Vampires. The living dead. Immortals. They go by many names, but whatever they are called, they are known by people in every culture. They haunt our nightmares and color our dreams, turning the night into a sinister and mysterious place. Whether we see them in movies or books, or hear their stories around the campfire, vampires are all around us, rooted deep in our minds. But what are vampires, exactly, and where did they come from?
The unknown has always been a cause for fear in people. The dark, death- we don’t know what they hold, and our imaginations run wild trying to prepare our minds. “... it is not surprising that primitive societies the world over… have created whole pantheons of gods and demons, all supposedly out to gorge themselves on human flesh and blood.” (Frost, 1989) Legends stem back to the beginnings of religious lore, of a female vampire called Empusae by the Greeks, Lamia by the Romans, Lilitu by the Babylonians, and Lilith by the Hebrews, a succubus bent on the ensnarement of young men.
So how do people think of vampires today? Until recently, the stereotypical vampire was known to be pale-skinned and soulless; a killer who gorged on blood to survive, who had no reflection and could not bear the presence of any holy object or garlic, could not cross running water, and could be killed with a stake through the heart or from exposure to sunlight, which burned. Today, many different variations of the legend exist, from psychic vampirism, "which is a mysterious process whereby certain persons are able to steal other people's vitality without even touching them" (Frost, 1989), to vampirism of a scientific nature, existing in a normal human with a soul.
While on the subject of vampires, one must also talk about their slayers. The name Van Helsing always comes up when on the topic of vampire slayers, whether it's Abraham Van Helsing form the original Dracula, or Gabriel Van Helsing from the movie, Van Helsing. One must also mention Buffy Summers, from the popular 90's television show, Buffy the Vampire Slayer. Each of these characters hunts and kills evil vampires that prey on and murder innocent victims. They are the heroes. In some stories, however, the vampire slayers are the villains, attempting to murder vampires seen as good or innocent, a newer concept.
The most well-known vampire story is Bram Stoker's 1897 book, Dracula. Set in Victorian London, it tells the story of Jonathan Harker and his fiancée Mina Murray. Harker is sent to Transylvania to help the mysterious Count Dracula with a real estate transaction, but he soon realizes that he is being held prisoner, kept weak by Dracula’s three wives. Dracula then travels to London and begins feeding on Lucy Westenra, a friend of Mina's. Her fiancée, Arthur Holmwood, later known as Lord Godalming, and other suitors, Quincy P. Morris and Dr. John Seward, enlist the help of Dr. Abraham Van Helsing, “renowned as a specialist in rare diseases of the blood” (Joshi, 2011), when they see her wasting away, and attempt to give her multiple blood transfusions, but she eventually dies and rises again as a vampire to feed on the young children of London. Harker manages to escape from the ‘sisters’ and is met by Mina in Budapest, where they are married before returning to England. Dracula begins visiting Mina, and the men quickly realize what is happening to her. With her help, they lure Dracula back to his Transylvanian castle, “where he is dispatched (with knives) by Harker and Morris” (Joshi, 2011).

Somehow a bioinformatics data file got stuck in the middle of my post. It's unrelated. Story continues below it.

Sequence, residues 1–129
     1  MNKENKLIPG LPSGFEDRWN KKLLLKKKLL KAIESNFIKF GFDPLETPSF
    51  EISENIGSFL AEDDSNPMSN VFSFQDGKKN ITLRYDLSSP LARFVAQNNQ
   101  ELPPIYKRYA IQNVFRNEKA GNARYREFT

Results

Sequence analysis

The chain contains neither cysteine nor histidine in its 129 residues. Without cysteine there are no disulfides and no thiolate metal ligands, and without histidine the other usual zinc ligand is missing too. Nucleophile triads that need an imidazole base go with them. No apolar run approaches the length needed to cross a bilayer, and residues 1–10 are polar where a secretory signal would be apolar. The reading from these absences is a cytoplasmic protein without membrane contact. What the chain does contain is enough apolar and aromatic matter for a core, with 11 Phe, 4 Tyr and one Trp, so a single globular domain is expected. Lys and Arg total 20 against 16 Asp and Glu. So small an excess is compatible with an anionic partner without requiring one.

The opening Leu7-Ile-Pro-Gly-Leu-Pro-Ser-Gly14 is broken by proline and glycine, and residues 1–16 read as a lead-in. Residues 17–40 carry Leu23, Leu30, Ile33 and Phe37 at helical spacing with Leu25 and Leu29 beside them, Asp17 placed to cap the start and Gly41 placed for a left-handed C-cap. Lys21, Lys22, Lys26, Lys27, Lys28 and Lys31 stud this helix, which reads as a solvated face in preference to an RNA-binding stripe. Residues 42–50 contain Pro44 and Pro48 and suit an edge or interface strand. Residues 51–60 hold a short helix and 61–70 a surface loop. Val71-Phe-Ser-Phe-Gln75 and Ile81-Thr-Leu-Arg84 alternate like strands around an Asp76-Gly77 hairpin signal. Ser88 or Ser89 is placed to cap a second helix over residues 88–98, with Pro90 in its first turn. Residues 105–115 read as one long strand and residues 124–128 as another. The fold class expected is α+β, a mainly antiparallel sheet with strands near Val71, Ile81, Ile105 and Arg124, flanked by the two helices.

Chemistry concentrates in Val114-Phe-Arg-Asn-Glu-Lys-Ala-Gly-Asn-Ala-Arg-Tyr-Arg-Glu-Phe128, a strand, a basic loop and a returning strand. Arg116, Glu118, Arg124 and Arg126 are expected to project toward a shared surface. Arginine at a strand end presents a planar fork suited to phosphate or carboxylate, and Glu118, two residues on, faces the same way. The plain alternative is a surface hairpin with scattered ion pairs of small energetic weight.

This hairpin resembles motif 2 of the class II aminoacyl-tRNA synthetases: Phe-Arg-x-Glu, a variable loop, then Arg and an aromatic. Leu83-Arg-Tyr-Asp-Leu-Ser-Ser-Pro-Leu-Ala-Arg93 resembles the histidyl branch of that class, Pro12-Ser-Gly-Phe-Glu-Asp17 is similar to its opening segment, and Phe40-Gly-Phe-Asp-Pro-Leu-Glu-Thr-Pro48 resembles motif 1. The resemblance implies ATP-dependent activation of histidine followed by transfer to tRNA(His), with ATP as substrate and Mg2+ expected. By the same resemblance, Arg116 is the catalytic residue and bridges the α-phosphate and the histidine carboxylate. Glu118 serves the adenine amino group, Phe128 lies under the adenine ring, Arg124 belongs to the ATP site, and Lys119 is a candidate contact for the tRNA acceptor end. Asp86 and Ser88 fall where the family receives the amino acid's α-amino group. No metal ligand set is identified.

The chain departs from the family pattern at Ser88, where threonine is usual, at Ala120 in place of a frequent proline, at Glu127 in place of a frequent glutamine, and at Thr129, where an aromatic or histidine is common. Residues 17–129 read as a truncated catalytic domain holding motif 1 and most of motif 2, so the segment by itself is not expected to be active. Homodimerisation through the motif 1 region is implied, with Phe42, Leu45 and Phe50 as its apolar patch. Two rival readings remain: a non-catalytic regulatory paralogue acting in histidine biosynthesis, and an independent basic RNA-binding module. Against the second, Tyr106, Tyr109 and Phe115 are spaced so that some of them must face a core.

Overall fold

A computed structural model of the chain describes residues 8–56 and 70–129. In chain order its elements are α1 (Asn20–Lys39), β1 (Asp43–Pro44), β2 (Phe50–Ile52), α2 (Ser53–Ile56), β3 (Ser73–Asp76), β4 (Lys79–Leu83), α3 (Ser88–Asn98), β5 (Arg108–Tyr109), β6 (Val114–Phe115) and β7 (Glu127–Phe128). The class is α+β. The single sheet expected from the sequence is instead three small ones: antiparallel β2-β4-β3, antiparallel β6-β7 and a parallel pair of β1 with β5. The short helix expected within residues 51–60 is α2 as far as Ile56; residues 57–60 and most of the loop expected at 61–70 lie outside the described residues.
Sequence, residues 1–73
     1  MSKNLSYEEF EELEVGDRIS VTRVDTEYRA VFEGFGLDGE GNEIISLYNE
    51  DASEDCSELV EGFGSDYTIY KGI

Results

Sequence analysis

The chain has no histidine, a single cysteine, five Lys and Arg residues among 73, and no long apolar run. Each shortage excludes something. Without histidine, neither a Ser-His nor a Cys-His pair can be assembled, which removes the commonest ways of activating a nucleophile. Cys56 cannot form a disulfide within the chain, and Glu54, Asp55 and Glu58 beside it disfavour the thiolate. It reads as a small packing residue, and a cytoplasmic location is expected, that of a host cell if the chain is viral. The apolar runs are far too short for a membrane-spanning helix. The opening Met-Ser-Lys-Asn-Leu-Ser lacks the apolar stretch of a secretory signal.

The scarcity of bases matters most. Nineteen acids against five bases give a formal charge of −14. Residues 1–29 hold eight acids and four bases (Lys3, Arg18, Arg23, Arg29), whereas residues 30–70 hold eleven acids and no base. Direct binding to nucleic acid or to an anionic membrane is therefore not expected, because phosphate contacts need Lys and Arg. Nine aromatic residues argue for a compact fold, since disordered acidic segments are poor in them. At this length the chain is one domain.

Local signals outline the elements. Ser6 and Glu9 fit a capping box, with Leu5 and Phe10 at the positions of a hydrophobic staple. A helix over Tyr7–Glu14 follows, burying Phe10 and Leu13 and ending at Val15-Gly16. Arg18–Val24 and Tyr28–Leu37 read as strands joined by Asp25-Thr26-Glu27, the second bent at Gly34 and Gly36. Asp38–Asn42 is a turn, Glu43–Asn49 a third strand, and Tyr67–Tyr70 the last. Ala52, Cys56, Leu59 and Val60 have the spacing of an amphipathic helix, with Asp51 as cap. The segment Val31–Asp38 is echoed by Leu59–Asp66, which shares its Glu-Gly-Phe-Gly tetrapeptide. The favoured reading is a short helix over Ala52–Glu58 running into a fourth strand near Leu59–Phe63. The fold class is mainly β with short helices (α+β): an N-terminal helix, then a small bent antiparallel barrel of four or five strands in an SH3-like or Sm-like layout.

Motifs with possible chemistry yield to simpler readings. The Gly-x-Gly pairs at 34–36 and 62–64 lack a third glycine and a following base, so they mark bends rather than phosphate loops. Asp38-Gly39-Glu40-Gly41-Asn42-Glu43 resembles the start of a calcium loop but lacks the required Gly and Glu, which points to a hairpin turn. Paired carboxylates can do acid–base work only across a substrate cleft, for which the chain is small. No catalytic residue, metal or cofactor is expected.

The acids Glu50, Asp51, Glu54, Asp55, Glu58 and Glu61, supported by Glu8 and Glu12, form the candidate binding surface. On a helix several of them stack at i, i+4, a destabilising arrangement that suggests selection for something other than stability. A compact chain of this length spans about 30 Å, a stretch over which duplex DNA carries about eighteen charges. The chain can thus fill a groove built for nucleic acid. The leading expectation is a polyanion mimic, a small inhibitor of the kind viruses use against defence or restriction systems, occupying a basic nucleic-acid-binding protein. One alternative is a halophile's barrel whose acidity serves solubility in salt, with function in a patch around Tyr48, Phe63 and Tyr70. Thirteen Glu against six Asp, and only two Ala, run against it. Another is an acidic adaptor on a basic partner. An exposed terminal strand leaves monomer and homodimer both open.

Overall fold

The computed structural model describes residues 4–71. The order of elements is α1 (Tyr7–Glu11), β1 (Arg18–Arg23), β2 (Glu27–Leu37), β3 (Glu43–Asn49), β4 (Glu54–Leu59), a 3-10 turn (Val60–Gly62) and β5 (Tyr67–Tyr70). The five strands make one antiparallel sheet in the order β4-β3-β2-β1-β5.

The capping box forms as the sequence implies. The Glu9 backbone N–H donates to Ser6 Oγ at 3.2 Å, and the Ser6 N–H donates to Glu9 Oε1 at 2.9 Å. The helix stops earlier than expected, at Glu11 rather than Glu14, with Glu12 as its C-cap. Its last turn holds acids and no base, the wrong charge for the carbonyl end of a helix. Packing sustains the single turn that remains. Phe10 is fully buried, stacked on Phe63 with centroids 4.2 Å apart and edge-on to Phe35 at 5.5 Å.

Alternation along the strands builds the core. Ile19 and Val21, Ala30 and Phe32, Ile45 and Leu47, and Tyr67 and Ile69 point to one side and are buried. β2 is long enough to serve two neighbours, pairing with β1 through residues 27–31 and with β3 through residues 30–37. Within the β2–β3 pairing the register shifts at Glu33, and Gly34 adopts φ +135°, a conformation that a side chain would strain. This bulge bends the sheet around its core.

Originally entitled The Un-Dead, Dracula is written in the form of notes in shorthand and transcribed on typewriters, gramophone recordings, telegraph messages, and journal entries of the various characters. The Count himself is the only major character who does not narrate the story at some point. While Dracula is certainly now well-known by most everyone, it did not become popular until it was adapted for film and the...